That may have left investors worried, considering that Agrium is more diversified than pure-fertilizer players PotashCorp (TSX:POT) (NYSE:POT) and Mosaic (NYSE:MOS), which is also why its shares weren’t hit as hard as those of peers in 2013. So does Agrium’s outlook hint at more trouble ahead for the company and its shares, or is the market overreacting?
The troublesome nutrient
Agrium expects to earn $0.80 per share in its fourth quarter. Hold your breath: It earned $2.16 per share in Q4 2012, so that’s a massive 63% slump in earnings year over year. The persistent weakness in the nutrient market is largely to blame.
Global potash prices have hit multi-year lows since the breakup of the Uralkali-Belaruskali cooperative in the middle of last year. Some days back, Uralkali contracted to supply potash to China at $305 per metric tonne, representing roughly 25% lower prices compared to last year. Moreover, per PotashCorp’s latest market data, December potash sales for North American producers slipped 22% year over year and 26% sequentially. Agrium is a part of Canpotex – the three-member group also comprising of PotashCorp and Mosaic – that controls potash exports out of Saskatchewan.
Bigger challenges ahead?
Meanwhile, demand for phosphate from key global markets India and China hasn’t picked up yet, so the nutrient continues to be a drag for fertilizer companies. Mosaic, which specializes in phosphate, projects an 11% fall in its Q4 volumes at the lower end. Nitrogen is the most profitable nutrient among the three — it accounted for 61% of Agrium’s total gross profit from the wholesale (fertilizer) business last year. Unfortunately, headwinds maybe getting stronger even on the nitrogen side.
Agrium mentioned lower volumes of nitrogen compound urea ammonium nitrate among the reasons for the lower guidance, suggesting that demand for UAN may be slowing down. More importantly, the price of natural gas — the key input for nitrogen fertilizer — has gone up in recent months, which could hurt Agrium’s fourth-quarter bottom line substantially. Falling demand and rising costs also bode ill for Agrium going forward.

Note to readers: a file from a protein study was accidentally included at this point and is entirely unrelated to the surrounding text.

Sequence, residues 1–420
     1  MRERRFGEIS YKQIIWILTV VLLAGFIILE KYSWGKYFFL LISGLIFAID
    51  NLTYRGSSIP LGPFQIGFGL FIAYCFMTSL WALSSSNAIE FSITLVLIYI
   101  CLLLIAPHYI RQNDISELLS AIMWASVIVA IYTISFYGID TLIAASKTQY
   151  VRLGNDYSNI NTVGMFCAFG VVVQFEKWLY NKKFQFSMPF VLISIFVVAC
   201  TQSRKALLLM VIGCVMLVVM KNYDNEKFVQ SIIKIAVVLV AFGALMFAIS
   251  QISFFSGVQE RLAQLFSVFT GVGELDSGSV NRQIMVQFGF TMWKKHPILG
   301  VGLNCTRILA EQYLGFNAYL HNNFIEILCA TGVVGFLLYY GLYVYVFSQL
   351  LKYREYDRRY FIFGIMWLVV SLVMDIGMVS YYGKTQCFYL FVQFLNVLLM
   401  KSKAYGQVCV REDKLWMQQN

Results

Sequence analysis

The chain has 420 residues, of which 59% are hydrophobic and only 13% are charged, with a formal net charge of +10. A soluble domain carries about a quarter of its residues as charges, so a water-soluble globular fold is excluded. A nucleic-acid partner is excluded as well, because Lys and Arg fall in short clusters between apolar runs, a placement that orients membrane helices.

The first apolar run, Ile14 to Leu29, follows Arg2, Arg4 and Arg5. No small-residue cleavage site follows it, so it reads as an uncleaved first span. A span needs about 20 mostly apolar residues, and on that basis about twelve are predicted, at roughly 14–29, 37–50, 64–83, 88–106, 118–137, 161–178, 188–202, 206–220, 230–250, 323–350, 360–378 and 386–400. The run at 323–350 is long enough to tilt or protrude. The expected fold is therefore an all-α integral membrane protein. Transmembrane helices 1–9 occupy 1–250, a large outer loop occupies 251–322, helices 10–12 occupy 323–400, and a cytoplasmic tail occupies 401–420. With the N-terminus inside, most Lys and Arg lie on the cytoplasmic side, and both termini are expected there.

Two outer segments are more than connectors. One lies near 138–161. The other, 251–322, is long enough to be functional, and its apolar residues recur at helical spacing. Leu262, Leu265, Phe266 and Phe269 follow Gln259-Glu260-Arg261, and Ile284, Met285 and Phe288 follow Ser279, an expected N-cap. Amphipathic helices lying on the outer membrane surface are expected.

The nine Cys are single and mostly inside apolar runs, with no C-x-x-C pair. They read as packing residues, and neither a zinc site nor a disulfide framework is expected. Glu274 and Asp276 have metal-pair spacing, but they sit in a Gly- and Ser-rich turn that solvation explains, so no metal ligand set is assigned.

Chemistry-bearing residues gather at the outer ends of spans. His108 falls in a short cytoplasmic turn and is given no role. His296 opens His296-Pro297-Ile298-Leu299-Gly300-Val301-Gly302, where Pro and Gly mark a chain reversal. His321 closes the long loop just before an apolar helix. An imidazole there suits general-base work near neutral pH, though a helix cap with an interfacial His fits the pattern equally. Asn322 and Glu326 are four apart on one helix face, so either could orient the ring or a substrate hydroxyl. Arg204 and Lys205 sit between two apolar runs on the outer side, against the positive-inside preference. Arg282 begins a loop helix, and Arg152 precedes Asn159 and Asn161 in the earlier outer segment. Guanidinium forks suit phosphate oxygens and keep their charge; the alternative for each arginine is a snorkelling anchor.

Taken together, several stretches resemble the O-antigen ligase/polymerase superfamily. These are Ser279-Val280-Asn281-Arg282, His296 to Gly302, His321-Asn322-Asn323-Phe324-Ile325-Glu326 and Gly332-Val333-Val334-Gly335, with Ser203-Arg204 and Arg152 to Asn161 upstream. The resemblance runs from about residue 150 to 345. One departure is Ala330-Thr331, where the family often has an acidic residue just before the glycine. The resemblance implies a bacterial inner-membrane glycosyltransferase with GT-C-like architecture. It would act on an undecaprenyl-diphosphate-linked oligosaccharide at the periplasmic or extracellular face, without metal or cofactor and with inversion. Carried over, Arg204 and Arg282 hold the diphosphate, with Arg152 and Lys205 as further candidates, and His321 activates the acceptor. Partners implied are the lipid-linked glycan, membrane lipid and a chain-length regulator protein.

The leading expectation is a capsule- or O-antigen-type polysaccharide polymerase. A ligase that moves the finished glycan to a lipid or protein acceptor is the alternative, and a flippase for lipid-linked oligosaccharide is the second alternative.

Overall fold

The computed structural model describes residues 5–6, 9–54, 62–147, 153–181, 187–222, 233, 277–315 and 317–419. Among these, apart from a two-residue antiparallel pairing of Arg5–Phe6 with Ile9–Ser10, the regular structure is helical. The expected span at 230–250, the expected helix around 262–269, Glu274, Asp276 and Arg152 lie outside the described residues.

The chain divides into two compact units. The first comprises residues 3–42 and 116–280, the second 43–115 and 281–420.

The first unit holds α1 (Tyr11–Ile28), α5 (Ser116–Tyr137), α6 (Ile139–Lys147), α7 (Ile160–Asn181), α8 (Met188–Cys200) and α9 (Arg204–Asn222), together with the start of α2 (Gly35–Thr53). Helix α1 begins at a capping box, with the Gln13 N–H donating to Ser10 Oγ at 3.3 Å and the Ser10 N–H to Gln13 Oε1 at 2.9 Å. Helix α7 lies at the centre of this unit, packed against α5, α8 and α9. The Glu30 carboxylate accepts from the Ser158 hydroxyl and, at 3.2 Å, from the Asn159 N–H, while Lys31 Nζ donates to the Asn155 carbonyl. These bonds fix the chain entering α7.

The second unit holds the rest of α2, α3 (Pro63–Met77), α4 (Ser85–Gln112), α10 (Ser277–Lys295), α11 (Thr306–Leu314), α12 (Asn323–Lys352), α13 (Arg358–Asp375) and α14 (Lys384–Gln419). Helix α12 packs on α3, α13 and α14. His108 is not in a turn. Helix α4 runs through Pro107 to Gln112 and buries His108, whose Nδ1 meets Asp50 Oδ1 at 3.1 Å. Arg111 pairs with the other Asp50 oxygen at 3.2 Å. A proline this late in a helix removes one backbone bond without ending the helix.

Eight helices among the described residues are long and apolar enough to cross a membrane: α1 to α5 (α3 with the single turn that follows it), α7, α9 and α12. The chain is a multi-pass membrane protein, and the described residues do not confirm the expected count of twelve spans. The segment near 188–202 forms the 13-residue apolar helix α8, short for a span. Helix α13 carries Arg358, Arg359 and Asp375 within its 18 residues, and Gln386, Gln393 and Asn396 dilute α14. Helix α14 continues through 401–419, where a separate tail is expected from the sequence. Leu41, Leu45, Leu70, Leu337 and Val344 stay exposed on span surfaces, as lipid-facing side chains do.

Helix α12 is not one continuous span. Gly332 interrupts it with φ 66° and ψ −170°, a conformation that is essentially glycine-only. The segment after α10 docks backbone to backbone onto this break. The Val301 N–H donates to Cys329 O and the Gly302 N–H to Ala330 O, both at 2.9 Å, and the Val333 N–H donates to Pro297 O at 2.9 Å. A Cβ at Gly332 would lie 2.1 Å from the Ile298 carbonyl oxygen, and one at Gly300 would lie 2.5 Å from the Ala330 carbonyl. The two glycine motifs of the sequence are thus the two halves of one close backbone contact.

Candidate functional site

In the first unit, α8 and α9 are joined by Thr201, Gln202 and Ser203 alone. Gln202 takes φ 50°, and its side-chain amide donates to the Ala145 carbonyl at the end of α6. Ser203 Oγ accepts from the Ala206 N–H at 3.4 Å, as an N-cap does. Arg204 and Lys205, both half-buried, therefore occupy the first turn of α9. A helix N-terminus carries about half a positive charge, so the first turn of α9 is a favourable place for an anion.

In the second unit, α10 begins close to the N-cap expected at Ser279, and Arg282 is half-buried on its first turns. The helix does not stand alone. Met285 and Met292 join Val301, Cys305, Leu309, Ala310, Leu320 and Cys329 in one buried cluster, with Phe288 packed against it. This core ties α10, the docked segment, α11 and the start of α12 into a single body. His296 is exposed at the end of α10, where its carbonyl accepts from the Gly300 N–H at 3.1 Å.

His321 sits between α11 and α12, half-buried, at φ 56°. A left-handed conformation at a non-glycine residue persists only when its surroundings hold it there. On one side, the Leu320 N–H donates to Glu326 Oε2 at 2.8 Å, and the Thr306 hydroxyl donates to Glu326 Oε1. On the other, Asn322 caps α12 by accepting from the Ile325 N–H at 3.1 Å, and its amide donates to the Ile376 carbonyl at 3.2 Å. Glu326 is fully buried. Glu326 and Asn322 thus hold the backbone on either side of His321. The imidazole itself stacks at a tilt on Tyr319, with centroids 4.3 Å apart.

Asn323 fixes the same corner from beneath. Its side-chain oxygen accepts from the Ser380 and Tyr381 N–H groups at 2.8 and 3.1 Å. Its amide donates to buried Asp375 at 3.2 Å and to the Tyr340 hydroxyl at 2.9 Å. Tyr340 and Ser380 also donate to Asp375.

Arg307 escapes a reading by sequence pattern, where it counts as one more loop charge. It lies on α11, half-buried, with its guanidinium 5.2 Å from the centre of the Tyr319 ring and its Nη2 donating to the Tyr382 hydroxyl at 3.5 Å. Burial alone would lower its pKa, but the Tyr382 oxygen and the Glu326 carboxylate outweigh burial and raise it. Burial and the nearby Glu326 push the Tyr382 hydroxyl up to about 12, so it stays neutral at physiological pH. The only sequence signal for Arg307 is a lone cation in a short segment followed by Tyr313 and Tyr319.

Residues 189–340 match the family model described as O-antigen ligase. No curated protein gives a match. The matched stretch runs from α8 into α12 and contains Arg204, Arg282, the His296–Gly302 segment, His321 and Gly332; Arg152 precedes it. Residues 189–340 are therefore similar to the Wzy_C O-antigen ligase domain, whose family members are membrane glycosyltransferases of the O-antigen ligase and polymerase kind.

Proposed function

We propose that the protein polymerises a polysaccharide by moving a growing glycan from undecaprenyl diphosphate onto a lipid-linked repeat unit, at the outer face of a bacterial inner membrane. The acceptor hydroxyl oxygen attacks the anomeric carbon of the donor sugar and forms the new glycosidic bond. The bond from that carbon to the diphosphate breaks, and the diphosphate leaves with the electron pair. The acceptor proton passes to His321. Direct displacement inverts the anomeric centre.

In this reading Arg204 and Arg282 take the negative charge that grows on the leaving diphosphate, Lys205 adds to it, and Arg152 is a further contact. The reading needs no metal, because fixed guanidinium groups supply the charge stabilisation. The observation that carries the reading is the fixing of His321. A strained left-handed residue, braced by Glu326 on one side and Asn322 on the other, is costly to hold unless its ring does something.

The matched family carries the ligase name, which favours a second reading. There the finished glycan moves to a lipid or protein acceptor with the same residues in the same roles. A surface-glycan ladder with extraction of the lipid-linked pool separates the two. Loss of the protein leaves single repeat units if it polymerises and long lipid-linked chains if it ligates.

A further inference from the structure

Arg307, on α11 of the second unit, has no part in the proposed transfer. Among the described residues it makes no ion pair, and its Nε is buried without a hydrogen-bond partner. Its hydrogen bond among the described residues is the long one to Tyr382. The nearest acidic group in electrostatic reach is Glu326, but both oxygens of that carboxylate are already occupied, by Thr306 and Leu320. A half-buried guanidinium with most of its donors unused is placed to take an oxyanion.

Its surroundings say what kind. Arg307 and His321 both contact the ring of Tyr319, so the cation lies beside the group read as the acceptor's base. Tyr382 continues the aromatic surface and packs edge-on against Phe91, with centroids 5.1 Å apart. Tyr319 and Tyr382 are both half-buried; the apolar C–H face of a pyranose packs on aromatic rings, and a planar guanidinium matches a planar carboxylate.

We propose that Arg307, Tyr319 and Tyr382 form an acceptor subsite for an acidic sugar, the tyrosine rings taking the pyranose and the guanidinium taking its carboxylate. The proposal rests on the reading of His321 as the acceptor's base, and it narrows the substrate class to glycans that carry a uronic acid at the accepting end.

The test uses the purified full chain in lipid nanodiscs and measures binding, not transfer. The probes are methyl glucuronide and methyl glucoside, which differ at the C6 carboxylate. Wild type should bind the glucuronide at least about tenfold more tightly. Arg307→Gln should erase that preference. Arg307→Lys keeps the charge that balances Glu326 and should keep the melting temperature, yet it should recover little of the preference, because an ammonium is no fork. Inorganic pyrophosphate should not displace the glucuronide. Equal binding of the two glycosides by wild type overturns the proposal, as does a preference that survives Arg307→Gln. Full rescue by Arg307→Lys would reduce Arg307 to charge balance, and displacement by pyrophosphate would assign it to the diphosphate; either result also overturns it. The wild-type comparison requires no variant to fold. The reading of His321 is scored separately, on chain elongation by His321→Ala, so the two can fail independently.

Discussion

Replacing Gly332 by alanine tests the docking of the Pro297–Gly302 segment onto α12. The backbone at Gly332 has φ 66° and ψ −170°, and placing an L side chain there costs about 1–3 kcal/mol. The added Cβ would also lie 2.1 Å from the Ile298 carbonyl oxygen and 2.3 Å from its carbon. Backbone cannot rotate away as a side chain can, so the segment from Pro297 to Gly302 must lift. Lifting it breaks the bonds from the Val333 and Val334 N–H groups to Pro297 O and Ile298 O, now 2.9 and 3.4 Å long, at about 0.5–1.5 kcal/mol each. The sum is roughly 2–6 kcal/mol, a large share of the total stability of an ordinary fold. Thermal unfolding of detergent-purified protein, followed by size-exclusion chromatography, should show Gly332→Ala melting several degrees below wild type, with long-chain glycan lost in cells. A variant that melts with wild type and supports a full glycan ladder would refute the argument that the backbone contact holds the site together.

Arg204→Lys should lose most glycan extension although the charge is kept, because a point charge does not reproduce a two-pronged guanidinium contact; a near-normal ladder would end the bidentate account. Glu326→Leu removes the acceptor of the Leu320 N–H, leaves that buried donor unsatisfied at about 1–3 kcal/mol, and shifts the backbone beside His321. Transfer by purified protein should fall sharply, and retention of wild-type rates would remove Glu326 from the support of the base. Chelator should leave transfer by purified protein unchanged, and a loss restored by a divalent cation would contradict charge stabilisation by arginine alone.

The good news that isn’t that good
There was a bright spot in Agrium’s outlook, though. Agrium gets nearly three-quarters of its revenue from its retail business, which primarily sells crop protection products and seeds. Demand for these products remains robust, with Agrium even projecting a record fourth quarter for the business.
You may wonder why the company’s profits should fall so drastically if its largest revenue-generating business is doing so well. It’s essentially the cost factor – Nearly 67% of Agrium’s adjusted operating earnings in 2012 came from its wholesale business. So even if robust retail demand offsets lower fertilizer sales, Agrium’s profits can’t grow much. In other words, Agrium may not be a pure-fertilizer player, but its bottom line growth largely depends on the fertilizer business.
What lies ahead
Moving forward, while rising natural gas prices can dent Agrium’s fertilizer business’ margins, Uralkali’s contract with China could also indicate the bottoming of potash prices. In fact, Canpotex also just signed a contract with China, suggesting that demand for potash could be picking up. So while Agrium’s fourth quarter may be a disaster, things could soon turn around. Agrium should also start enjoying the benefits from its Viterra acquisition this year, which should further boost retail sales.
Foolish bottom line
Agrium’s outlook may disappoint, but long-term investors shouldn’t panic since demand for fertilizers and seeds should only increase with growing population and declining arable land. And as a diversified agricultural company, Agrium could be a major beneficiary of a recovery.